Handmade Plumbing

The spirit of this blog is the joy you can get from creating something with your own two hands.  Whether it’s food, crafts, art, or something more mundane, like the plumbing between the pool pump and pool heater.  Last week that plumbing sprung a leak in fail-in-the-dike fashion, with a jet of water spurting out from a pipe junction.  I tried caulk and that failed.  So I tried more caulk.  That failed.  So I bought some chemical weld, the unholy toxic goop used to bond sections of PVC pipe.  I used a small plastic syringe, squirted it in there, then slathered the edge of the junction with the stuff.  “This can’t fail!”  It failed.  Time to go to level two:  complete rebuild.

I bought some appropriate sections of PVC pipe, junctions, elbows, Teflon tape, fittings, and then bought more the next day.  When a part costs two dollars it’s better just to buy extra and save yourself another trip to the hardware store mid-project, using up three dollars in gas because you’re taking corners on two wheels and testing your car’s rev-limiter because your head is ABOUT TO EXPLODE from frustration.  Not that I’ve ever done something so infantile.  Where were we?  Yes, the parts.  I just needed to get together the tools needed.  Now where is that big pipe wrench I bought for the bathroom renovation project?  Ten minutes searching yielding nothing but empty hands.  I described it to my wife, checked the workbench twice, then a third time.  Half an hour wasted and I need that tool.  Finally I discover it.  It is a massive crescent wrench that can fit up to 1 ½” pipe.  I was using 2” pipe.  So I borrowed a neighbor’s pipe wrench and got to work.  With the right tools, assembling PVC pipe is a snap.  It cuts easily with a hand saw, the chemical bond is like the mighty grip of Thor, and it’s just flexible enough to slight errors in measurement and tolerance.  In a half hour I’d done this:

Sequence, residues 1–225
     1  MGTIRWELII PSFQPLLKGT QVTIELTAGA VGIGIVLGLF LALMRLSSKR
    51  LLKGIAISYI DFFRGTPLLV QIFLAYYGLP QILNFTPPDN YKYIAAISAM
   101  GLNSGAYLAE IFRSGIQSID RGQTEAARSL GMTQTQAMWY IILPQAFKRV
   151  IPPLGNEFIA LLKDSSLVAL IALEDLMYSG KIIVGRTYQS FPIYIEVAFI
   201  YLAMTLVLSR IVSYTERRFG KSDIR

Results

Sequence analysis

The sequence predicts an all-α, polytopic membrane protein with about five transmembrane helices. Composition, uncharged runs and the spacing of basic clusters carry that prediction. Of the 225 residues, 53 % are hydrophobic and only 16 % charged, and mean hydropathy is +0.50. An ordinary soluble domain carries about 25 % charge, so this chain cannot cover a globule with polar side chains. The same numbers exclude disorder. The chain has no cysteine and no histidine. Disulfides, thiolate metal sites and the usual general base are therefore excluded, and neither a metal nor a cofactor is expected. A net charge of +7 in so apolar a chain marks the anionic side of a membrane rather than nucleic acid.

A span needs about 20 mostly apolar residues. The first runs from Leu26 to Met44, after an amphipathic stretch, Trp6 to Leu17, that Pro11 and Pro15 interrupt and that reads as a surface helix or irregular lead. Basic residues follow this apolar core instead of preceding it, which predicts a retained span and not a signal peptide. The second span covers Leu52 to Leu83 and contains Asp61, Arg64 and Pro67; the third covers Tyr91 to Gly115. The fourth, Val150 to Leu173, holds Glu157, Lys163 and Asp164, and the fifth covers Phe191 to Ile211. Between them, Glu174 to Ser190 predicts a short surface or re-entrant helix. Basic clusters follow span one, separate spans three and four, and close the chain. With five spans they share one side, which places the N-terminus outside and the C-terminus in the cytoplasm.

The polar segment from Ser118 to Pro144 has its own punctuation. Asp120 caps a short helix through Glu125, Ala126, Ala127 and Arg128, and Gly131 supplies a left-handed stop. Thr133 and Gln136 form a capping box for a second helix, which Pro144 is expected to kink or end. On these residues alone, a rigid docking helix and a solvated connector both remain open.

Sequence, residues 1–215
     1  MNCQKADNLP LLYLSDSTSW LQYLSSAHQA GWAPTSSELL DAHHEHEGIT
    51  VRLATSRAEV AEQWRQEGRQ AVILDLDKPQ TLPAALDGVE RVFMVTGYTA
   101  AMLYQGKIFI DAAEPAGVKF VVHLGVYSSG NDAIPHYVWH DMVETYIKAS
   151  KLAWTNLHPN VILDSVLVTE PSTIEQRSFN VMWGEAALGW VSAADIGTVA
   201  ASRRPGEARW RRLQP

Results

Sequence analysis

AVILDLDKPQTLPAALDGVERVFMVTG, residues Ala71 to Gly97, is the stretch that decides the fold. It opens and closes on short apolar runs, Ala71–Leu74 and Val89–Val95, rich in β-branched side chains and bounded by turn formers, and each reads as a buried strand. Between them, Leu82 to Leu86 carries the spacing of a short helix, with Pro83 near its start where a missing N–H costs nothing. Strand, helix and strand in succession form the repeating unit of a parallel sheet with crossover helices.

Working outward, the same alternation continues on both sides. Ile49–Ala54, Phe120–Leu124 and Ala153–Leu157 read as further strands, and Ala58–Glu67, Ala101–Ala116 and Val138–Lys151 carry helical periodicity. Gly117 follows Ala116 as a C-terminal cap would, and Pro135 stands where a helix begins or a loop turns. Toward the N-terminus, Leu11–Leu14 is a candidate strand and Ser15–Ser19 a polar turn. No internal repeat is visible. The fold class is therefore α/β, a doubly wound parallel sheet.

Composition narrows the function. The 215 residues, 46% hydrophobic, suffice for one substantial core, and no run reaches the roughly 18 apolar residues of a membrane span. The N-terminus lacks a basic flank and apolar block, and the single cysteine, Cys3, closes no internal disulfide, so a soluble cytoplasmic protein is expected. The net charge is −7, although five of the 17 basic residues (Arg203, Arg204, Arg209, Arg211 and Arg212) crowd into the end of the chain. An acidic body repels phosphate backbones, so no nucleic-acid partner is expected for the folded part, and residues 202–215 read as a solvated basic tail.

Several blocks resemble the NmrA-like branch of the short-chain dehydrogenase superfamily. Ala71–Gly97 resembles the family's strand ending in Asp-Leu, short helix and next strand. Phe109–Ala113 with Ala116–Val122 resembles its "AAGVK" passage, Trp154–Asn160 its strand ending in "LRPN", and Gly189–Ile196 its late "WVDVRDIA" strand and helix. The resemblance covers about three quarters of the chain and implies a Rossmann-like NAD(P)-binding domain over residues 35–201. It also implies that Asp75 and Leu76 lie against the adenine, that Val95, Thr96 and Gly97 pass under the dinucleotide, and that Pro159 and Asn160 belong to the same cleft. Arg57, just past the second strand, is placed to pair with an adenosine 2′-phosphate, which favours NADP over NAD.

What, you say?  Can’t tell what’s new?  I admit it doesn’t look like much but please note the absence of a jet of water spurting from the plumbing.  Never mind the system isn’t on, but trust me when I say that it doesn’t leak any more.  Chalk one up for Handmade!

  1. Damn–rock that! It doesn’t matter how it looks if it does that job, and that’s clearly doing the job.

    Maybe I should be more open to trying my hand at things like this . . . :p

  2. Bravo Peter! I know that is no easy task. We just has a similar issue at our hose which required a good portion of the front yard to be dug up. Well, at least its fixed. 🙂

  3. Brenda said:

    Great job. I love the turquoise color gooo! It’s perfect for the swimming pool area. And just think what you saved by doing it by yourself.

  4. Babs said:

    Woo Hoo! Maybe you now have a back-up career besides baking. Oh…baking and plumbing!

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